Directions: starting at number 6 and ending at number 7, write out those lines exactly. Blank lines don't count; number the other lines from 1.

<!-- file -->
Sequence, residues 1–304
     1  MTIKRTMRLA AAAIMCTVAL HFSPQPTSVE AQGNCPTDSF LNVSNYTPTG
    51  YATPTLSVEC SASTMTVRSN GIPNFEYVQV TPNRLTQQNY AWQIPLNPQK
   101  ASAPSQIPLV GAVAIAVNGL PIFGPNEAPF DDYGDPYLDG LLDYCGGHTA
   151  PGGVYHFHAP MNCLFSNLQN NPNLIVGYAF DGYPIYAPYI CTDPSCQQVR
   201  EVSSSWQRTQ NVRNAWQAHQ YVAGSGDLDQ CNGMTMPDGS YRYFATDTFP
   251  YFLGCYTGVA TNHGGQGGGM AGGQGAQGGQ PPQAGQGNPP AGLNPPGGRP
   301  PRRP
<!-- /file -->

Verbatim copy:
   201  EVSSSWQRTQ NVRNAWQAHQ YVAGSGDLDQ CNGMTMPDGS YRYFATDTFP
   251  YFLGCYTGVA TNHGGQGGGM AGGQGAQGGQ PPQAGQGNPP AGLNPPGGRP